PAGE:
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I have installed several of the water monitor shut off valves in basement remodels. It does run off 120 vac, and has a sensor you set on the floor. If it detects water, it shuts off the water and keeps it shut off until you reset it. I would prefer one of those to opening and closing a valve several times a day. I believe they are made by the same people who make the Flood Safe water connection hoses. Cost about $85, maybe more, now.
 
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Old 12-04-09, 05:36 AM
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chandler,
do you have a model or the phone / url for those people.

thanks
 
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Old 12-04-09, 01:25 PM
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Old 12-04-09, 03:54 PM
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chandler,
that unit is for the water heater and i don't think it will work with my 1" water main
 
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Old 12-04-09, 04:35 PM
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They make them for 3/4 and 1" lines. Maybe not on that particular page I copied for you, though. Most of the ones I install are after the line enters the house and coverts to 3/4" anyway. I know they say they are for the water heater, but you can use them on the main inlet line as well. On the water heater, it just shuts off the water to the heater, while on the main line it shuts it all down.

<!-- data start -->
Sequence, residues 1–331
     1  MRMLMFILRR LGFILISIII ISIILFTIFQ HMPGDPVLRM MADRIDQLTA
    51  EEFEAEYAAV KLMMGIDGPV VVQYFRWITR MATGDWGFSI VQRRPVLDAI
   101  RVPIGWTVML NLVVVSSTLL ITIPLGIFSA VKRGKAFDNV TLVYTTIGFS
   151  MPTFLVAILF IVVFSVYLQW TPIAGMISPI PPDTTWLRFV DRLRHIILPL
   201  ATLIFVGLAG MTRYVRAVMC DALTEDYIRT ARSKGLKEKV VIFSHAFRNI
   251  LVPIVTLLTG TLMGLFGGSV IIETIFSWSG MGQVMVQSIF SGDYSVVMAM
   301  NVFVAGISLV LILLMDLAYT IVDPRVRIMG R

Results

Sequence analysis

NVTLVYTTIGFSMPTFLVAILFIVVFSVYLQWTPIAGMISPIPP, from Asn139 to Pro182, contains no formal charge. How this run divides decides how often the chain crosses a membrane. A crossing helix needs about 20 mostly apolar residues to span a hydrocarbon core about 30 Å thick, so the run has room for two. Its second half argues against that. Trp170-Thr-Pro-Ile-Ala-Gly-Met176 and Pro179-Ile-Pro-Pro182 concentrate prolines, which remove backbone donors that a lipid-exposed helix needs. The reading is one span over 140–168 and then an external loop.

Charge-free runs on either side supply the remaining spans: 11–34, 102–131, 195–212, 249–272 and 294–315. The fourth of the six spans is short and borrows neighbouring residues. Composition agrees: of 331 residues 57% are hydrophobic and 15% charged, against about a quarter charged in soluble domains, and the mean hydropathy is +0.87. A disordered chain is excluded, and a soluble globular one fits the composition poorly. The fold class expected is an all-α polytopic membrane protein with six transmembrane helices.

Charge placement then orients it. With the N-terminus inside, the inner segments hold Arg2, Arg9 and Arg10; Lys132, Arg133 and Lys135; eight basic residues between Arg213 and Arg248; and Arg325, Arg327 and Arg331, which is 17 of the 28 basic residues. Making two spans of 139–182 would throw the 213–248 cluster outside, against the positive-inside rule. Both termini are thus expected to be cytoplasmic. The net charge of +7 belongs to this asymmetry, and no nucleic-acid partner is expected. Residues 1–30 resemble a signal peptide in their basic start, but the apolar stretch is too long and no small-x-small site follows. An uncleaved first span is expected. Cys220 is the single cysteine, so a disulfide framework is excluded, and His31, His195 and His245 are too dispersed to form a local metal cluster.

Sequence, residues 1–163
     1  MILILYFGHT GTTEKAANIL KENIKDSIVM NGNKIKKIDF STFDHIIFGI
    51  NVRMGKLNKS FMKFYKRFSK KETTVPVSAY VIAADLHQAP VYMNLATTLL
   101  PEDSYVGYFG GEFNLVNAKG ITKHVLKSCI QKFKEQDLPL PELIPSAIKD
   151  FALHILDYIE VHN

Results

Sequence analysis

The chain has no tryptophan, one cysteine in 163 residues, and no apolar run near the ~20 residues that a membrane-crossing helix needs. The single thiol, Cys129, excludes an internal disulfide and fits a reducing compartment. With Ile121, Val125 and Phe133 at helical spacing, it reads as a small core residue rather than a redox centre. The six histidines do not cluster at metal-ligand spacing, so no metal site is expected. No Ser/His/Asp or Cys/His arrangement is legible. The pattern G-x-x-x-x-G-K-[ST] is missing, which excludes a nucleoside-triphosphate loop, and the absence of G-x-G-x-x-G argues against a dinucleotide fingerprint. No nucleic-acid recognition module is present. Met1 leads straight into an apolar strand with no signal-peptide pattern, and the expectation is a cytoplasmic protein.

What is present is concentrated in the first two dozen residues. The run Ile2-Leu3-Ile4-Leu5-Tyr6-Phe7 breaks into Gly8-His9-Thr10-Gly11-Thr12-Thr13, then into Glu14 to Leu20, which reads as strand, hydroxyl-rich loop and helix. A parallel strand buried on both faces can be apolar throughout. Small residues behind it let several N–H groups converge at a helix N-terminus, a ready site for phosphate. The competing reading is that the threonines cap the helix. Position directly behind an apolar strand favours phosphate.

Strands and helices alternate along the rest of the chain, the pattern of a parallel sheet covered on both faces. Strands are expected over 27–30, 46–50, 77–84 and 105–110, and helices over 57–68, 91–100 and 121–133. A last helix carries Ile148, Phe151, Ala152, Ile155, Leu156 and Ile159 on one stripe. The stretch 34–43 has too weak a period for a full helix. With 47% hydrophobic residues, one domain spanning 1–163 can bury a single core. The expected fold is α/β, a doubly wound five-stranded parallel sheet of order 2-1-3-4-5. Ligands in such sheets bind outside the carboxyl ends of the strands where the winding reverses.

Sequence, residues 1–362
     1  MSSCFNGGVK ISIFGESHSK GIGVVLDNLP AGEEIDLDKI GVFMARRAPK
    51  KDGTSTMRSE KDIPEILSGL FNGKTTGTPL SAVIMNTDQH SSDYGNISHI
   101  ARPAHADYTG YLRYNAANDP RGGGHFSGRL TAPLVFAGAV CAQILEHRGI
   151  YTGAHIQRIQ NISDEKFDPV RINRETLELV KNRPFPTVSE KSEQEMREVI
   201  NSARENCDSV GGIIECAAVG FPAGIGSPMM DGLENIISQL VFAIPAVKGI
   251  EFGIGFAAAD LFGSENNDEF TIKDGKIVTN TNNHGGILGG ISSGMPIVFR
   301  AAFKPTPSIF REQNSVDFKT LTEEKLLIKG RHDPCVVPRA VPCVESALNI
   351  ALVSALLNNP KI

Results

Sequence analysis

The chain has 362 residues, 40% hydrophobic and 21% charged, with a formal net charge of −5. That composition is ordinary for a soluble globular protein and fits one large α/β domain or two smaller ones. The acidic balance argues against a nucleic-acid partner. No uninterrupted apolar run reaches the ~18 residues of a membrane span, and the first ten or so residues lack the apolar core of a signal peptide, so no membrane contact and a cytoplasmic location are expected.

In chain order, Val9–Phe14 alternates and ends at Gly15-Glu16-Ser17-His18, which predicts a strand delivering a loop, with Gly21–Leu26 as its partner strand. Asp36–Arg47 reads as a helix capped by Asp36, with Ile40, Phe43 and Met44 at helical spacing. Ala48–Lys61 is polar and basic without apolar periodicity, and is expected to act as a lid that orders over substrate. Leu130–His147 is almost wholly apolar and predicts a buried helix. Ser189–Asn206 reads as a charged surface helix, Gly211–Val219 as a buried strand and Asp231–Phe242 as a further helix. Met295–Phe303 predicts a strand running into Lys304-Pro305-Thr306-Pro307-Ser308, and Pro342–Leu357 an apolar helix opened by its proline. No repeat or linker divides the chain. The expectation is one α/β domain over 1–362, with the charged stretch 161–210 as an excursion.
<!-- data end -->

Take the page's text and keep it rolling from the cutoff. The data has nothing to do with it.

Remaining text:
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Old 12-05-09, 06:20 AM
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Thanks, I will continue my research and keep you updated. I will do the project after Christmas
 
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Old 12-06-09, 12:44 PM
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sjahan22,